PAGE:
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Actor Kirk Cameron, known to many as heartthrob Mike Seaver in the ’80s sitcom “Growing Pains,” is planning a special, one-night-only event designed to answer perhaps humanity’s most painful question: “If God is good, why does He allow suffering?”
On Tuesday, Sept. 24, at 8:00 p.m. ET and tape delayed at 7:00 p.m. MT /8:00 p.m. PT, Cameron’s new film, “Unstoppable,” will be broadcast into over 700 theaters nationwide from Liberty University in Lynchburg, Va., along with music from guests Warren Barfield, whose song “Love is Not a Fight” was featured in the film “Fireproof,” and former “American Idol” contestant and Grammy-nominated recording artist Mandisa.
“It’s a question everyone asks,” Cameron told WND. “I mean, you go down to the local atheist academy or skeptics club and they’re asking the question of people of faith, ‘If God is good, where is He in Syria right now? Who’s side is He on? Why are there shootings in school classrooms? Where is God in the hospital room where the 6-year-old girl is struggling with cancer and her parents are on their knees praying?”
Yet Cameron told WND “Unstoppable” was prompted by something directly personal – the death of a young friend about the same age as the character Cameron once played on TV.
“My friend Matthew, 15 years old, died of cancer this year,” Cameron said, “and on my way to his funeral, I found myself asking this big question, which has shredded people’s faith for thousands of years. And I wanted to answer it, not only for myself, but to offer some insights – through what I discovered – to others who are asking the same questions.
“It’s an incredibly personal look at a very personal, yet universal problem,” he continued. “It’s a raw, transparent visual journal as I wrestle through the big questions, ‘Where is God in the midst of tragedy and suffering? Why do bad things happen to good people?'”
Watch a trailer for the film below:
Now the Dove Foundation has awarded "Unstoppable" it's highest, five-out-of-five rating and praised the film as "a movie that families everywhere need to see!"
"Kirk Cameron's film is an amazing look at the origins of suffering," writes Dove reviewer Edwin L. Carpenter. "The likable Cameron shows a real sincerity as he visits a family that lost a teen son to death.
"But despair gives way to hope as Cameron reminds the viewer that God is a God who is for us and is always with us," Carpenter continues. "This film courageously tackles the difficult topic of suffering and does a more than commendable job. We see that God is a God that we can trust. Don't miss 'Unstoppable'!"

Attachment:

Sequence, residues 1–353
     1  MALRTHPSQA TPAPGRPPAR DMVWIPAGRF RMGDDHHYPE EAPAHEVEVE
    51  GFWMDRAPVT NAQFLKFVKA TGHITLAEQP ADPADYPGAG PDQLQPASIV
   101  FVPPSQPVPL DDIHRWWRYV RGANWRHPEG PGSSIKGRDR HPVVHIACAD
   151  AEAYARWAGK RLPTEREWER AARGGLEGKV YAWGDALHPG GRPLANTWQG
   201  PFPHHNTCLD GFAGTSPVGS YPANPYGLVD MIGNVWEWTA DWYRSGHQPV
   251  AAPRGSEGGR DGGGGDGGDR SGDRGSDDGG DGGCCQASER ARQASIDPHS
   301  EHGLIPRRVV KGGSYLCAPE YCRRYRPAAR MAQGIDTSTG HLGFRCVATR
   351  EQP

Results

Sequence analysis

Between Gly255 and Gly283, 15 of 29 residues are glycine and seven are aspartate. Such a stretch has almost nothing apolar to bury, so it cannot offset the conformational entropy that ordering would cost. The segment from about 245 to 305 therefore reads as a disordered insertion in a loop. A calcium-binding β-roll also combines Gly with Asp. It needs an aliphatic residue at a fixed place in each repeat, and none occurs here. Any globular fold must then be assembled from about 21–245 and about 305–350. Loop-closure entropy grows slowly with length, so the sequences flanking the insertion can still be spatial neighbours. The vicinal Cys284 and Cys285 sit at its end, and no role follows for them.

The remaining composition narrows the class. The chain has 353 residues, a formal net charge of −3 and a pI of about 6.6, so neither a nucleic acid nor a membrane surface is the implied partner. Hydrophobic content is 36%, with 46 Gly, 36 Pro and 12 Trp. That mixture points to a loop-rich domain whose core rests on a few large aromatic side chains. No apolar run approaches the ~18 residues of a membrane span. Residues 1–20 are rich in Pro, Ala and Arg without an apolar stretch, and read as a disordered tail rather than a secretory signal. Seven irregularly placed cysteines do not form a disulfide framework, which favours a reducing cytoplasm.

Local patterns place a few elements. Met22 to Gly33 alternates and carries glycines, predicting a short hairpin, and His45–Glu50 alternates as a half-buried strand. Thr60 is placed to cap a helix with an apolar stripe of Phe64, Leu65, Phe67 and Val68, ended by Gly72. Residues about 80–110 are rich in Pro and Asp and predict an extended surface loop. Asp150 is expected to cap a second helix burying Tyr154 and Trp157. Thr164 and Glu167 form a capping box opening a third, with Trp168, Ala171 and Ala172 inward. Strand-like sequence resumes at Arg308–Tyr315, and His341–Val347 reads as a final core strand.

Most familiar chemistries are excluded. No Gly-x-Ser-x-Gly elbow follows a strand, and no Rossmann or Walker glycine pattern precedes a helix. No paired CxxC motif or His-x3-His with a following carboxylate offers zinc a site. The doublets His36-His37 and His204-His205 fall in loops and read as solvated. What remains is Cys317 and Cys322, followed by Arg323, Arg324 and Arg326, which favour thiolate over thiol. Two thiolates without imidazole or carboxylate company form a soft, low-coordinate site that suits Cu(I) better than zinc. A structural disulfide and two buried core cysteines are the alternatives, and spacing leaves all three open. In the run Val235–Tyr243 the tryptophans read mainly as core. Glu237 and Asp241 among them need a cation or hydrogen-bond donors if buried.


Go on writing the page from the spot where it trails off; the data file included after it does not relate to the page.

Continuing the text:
But can a movie, WND asked Cameron, really provide a satisfactory answer to such a deep and personally painful question?
"There is a satisfactory answer that has always been available, and it's found in the Holy Scriptures," Cameron answered. "All I'm trying to do is take that message and present it in a way that I believe it has not been presented before. I'm portraying Adam and Eve and Cain and Abel and Noah as real, historical people, which I believe they were, and the same God that drove those people to deeper faith in tragedy is the same God who will carry you and me there in ours.
"'Unstoppable' takes you on a narrative journey," he continued, "putting you in the human car driving down the biblical road throughout history, and you see tragedy and suffering are signposts all along that road. They're always there, and somehow God is using those to direct and guide humanity to the destination, which is the ultimate glory of God and the good of those who love Him."
So is this the kind of film, WND asked Cameron, for believers in Christ to invite their unbelieving friends?
"Abolutely! Yes, bring 'em!" Cameron said. "In 'Monumental,' I went on a journey to England and Holland and around the country to discover some historical facts and put them in perspective. That was not a movie 'for the church' only; it was for anyone who wants to understand the 'secret sauce' recipe that made our country unique. Like it or not, believe it or not, this is what they thought, this is what they did.
"Same thing here with 'Unstoppable,'" he said. "You may or may not believe in God. Sometimes tragedy brings people to their knees where they cry out to God, and other times tragedy sends people running in the opposite direction. [It happens to] people inside the church and outside the church on both ends of the spectrum, people who are looking to God for answers and people who are giving God the Heisman [stiff arm], they don't want answers, they just want an excuse to get away from Him. This movie is going to speak to both.
"It's not a churchy looking or sounding movie at all," Cameron said, "in fact, I've had some folks bristle a little at some of the realistic scenes shown in there, and it doesn't have that powdered doughnut filter that softens and sanitizes everything."
And what, WND asked, does Cameron hope will be the result of seeing "Unstoppable"?
His answer was tied to the title of the film itself: "I hope that people who have genuine questions about God and suffering will walk out of the movie theater, saying, 'It's true, it's true; God is here, He has not abandoned me. He loves me, and He has a purpose for my pain. This is not an accident, this did not take God by surprise, this is not just some random fallout. God does not do random, He is a god of purpose. And His purpose is unstoppable.'"